Vitamin D is a sex hormone, not a real vitamin. According to Draelos, it is impossible to orally consume adequate amounts in the diet, so this is a case where oral supplementation may be best. There are no age-adjusted supplementation guidelines, but the new recommendations are 800-1000 IU for adults and 2000 IU minimum for post-menopausal women.

How to optimize nutrition for healthy skin, hair and nails?

  • Yellow/orange (Vitamin A): 2/3 cup carrots
  • Red/orange (Vitamin C): one raw tomato per day
  • Green (Vitamin E, Folic Acid): 1/2 raw avocado
  • Brown (trace minerals, biotin): 1 Brazil nut, almonds
  • Rose (Protein): chicken, fish, collagen supplement
  • Blue/Purple (Antioxidants): 1 cup fresh blueberries
  • Vitamin D: 1,000 to 2,000 IU daily supplement


Draelos has received research grants/funding from Abbott Laboratories, Actavis, AGI Dermatics, Allergan, Inc., AmDerma Pharmaceuticals, LLC, Amgen, Amneal Pharmaceuticals, LLC, AstraZeneca, Avon Products, Inc., Bayer, Bayer Consumer Healthcare Pharmaceuticals, Beiersdorf, Inc., Boots, Celgene Corporation, Chattem, Inc., Colgate-Palmolive, Dermira, Dial Corporation, Eli Lilly and Company, Elizabeth Arden, Exeltis, Galderma Laboratories, LP, GlaxoSmithKline, Glenmark Generics Inc., Guthy-Renker, Helix BioMedix, Johnson & Johnson Consumer Products Company, Kao Brands, Kimberly Clark, Kythera, L’Oreal USA Inc., La Roche-Posay Pharmaceutical Laboratory, Lexington International LLC, Living Proof, Inc., Lumity, MakuCell, Inc., Maruho Co ., Ltd, Medicis Pharmaceutical Corporation, Merck & Co., Inc., Merz Pharmaceuticals, LLC, Mimetica Pty. Limited, Neocutis, Neutrogena Corporation, Niadyne, Novartis Pharmaceuticals Corp., Nuskin, Oculus, Onset Therapeutics, Otsuka Pharmaceutical Co., Ltd. , Paci fic Biosciences, Perrigo Company, Pfizer Inc., Procter & Gamble Company, Promius Pharma, LLC, Quinnova Pharmaceuticals, Inc., Ranbaxy Laboratories Limited, RECKITT BENCKISER (ESPAÑA), SL, Revance Therapeutics, Inc., Revision Skincare, Signum Biosciences, Inc., SkinMedica, Inc., Sun Products Corporation, Suneva Medical, Inc., Symrise, Syneron, Inc., Taro Pharm, Teva Pharmaceuticals USA, Tolmar, Valeant Pharmaceuticals International, Vichy Laboratoires – I (grants/funding from the research)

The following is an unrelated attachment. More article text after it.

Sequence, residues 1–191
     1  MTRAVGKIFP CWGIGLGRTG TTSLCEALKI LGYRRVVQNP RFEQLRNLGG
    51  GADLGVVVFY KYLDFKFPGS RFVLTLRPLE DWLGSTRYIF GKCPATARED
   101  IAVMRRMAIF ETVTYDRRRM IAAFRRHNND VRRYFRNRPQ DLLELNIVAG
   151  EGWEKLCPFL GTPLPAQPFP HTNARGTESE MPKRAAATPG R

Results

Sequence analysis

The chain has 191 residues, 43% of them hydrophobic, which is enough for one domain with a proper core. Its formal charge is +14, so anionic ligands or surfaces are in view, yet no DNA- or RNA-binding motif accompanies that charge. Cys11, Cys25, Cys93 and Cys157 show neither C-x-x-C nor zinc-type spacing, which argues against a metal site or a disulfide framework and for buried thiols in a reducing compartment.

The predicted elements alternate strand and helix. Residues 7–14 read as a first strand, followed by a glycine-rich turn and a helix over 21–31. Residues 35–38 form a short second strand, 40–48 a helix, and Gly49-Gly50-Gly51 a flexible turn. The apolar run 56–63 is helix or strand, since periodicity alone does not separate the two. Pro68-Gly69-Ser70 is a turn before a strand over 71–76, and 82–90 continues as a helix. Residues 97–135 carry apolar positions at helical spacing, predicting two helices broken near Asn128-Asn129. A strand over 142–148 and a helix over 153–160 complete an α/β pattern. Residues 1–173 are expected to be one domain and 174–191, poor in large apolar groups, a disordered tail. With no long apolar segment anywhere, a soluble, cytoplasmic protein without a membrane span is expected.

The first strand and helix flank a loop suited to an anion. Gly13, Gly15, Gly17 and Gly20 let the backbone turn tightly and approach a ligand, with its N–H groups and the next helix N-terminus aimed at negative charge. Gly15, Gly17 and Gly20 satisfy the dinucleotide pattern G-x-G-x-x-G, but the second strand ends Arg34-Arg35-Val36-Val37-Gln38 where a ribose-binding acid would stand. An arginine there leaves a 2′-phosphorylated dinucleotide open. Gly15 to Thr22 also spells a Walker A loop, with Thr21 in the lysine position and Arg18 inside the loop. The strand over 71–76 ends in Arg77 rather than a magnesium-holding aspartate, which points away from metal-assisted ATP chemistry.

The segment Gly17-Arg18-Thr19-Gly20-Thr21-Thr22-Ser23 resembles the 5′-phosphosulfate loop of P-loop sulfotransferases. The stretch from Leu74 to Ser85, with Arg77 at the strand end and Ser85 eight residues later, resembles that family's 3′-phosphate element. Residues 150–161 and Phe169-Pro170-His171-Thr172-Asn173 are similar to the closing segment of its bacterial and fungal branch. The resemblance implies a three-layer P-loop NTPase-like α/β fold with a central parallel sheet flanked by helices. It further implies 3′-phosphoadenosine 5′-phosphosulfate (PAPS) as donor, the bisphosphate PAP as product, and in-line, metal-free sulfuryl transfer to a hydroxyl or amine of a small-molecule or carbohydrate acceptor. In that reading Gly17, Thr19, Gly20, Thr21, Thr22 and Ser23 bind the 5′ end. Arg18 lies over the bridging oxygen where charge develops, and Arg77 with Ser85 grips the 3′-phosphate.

Draelos ZD. Optimize nutrition for skin health. Presented at the 2022 Annual Meeting of the American Academy of Dermatology; March 24-29, 2022; Boston, Massachusetts.